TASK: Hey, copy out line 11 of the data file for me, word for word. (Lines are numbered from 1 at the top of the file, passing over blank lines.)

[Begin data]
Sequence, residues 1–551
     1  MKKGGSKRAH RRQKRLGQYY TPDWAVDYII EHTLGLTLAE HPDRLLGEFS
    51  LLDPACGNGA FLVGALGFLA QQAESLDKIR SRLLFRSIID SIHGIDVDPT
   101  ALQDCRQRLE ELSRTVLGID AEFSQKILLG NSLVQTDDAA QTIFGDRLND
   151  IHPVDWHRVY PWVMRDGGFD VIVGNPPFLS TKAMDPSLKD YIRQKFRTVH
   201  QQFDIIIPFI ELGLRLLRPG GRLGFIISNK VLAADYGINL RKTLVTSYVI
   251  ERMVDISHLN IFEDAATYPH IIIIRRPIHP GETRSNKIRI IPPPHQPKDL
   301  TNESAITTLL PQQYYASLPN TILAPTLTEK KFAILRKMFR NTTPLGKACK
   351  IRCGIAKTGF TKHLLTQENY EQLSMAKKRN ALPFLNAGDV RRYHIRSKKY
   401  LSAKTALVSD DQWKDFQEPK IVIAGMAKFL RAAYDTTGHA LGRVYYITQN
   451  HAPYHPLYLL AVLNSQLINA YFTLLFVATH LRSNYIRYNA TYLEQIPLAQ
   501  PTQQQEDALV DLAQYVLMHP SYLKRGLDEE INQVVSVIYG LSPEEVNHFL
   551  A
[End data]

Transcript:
   451  HAPYHPLYLL AVLNSQLINA YFTLLFVATH LRSNYIRYNA TYLEQIPLAQ